Aim High: (EX) Identify things, people, and places you want in your life. After you’ve discovered this, take baby steps to actively pursue those avenues of satisfaction. Momentum encourages more momentum. Just see.

“I’ve come to believe that each of us has a personal calling that’s as unique as a fingerprint – and that the best way to succeed is to discover what you love and then find a way to offer it to others in the form of service, working hard, and also allowing the energy of the universe to lead you.” — Oprah Winfrey

Act as if: (EX) If you want some area of your life to improve, act as if it already has. The law of attraction will help it manifest in your life. Include written signs of praise, photos, memos, and objects that validate your efforts. When you're having a challenging day and don't feel like a winner, look at these items and take the word of others.

Don’t Let Your Past Define You: (EX) I suffered from Post Traumatic Stress Disorder (PTSD) from childhood trauma, and was ashamed and afraid to admit it. I also thought if I show the world my vulnerabilities, it would mean further abuse.

After many years of extensive work on myself, I now know for sure I'm lovable and good enough just the way I am.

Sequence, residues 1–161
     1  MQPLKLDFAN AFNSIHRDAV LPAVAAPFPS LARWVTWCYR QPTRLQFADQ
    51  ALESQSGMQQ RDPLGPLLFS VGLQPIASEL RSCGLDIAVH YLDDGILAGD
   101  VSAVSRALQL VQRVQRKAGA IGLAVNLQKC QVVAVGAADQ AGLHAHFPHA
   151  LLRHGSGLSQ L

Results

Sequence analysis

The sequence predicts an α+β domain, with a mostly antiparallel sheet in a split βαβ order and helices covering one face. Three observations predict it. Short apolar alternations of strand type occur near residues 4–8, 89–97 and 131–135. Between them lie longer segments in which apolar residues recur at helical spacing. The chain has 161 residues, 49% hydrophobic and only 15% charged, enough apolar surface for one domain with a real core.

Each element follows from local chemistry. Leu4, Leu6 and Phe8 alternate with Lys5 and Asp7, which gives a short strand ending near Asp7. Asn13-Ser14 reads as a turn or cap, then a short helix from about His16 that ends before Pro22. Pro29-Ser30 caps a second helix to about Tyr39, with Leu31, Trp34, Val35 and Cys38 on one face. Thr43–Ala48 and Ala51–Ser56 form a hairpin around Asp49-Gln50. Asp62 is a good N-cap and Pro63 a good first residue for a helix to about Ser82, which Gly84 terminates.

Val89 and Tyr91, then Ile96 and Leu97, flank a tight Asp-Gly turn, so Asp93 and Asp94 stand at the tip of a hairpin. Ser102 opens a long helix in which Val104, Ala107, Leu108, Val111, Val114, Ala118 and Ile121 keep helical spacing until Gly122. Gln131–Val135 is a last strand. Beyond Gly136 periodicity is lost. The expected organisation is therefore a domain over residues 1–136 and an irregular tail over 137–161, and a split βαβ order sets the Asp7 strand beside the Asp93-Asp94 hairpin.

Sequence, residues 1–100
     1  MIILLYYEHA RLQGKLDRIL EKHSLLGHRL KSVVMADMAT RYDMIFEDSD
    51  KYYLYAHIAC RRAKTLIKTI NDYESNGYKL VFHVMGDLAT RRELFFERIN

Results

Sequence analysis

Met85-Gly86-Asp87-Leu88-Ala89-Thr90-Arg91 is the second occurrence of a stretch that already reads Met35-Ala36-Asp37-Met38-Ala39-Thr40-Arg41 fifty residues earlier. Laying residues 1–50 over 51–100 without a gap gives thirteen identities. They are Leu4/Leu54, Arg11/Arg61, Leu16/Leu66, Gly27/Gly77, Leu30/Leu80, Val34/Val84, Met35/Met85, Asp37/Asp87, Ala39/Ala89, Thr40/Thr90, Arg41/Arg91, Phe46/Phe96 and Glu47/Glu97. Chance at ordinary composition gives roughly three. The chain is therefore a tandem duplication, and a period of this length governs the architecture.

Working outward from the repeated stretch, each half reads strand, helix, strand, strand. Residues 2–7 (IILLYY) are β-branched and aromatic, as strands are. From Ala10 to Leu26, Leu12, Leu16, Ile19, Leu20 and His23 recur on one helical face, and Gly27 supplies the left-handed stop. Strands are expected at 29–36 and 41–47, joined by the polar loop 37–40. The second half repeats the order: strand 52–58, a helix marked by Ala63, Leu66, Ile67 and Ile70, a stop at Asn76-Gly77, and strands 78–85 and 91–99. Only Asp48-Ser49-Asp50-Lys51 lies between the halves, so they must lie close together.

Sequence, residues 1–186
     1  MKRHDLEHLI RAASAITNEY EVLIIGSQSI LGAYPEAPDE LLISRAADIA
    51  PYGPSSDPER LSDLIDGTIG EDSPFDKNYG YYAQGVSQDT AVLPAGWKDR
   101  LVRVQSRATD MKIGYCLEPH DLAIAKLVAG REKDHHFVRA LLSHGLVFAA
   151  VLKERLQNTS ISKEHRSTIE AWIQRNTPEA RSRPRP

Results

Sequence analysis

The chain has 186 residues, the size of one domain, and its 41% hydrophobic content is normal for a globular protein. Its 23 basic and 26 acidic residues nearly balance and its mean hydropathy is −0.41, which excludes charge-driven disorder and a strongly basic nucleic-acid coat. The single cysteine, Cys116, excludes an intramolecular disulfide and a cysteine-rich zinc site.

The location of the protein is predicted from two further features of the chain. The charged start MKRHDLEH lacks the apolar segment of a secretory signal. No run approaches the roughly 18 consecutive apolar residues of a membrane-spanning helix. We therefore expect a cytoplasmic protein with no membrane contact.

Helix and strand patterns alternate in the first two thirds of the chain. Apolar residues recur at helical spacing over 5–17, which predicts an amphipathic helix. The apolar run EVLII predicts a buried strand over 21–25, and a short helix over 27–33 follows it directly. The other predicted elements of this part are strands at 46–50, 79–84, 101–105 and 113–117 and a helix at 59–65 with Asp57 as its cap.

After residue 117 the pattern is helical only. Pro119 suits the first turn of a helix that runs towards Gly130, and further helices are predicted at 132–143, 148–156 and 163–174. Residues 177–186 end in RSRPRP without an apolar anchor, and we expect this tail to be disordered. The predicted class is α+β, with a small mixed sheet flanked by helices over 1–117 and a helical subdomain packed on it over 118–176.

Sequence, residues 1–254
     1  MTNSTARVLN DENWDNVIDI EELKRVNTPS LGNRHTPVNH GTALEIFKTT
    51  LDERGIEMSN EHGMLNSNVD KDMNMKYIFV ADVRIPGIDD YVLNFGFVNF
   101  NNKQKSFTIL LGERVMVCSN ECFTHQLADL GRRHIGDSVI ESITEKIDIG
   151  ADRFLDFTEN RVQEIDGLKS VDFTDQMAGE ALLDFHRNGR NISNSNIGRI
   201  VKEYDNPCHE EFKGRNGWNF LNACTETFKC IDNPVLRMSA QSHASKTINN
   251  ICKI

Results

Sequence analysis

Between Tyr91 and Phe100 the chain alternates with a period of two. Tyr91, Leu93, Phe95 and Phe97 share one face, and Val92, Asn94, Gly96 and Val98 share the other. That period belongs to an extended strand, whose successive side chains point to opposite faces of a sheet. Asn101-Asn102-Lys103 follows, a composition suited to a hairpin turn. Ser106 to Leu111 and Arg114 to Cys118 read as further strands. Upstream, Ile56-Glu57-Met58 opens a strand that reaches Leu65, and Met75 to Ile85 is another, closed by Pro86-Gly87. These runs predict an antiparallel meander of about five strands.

That's why I keep on keeping on. I love what I do, and show the world my authentic self as I write and publish my blog Colors 4 Health. I am the author and publisher of Colors of Joy. It has been so popular, It's now in a second printing (Oct. 2018). An additional hat I wear is to present seminars and workshops

Noting my progress in a blog post is positive reinforcement. Stating some of my accomplishments is a healthy action and good for self-esteem. I suggest you do that too!

Here's Are Additional Ideas to

Use Success Journal Pages to Share...

What talents, gifts, skills, knowledge, and know-how you possess that can be of service to others? How did you share your gifts today?

What are your secret longings? Do you dream about making changes in your career, family life, social life, community life, spiritual life, and personal life? What would your day look like if the things you dream about were in your life picture? 

Record those moments, events, or situations today when you made progress in handling a situation in a more positive, effective way?

Celebrate small wins and learn not to minimize forward motion. Draw a picture about how it felt as you crossed the finish line. 

Allow yourself a few moments to celebrate your achievement by sharing it with a mentor, coach, friend, family member, or colleague.    

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  1. Great points. I like how you mentioned success does not look the same for everyone. What I may define success as might now the be the same for you. Also not letting your past define you. So many times we let our past mistakes, fears, wishes keep us from moving forward. I think it is a great idea to write things down. Successes need to be celebrated. Great post! Thanks for linking up at #trafficjam Be sure to come back next week!

    1. Thanks so much Tracy, both for the visit and comment. Agree with you about not letting your past define you and successes need to be celebrated!!!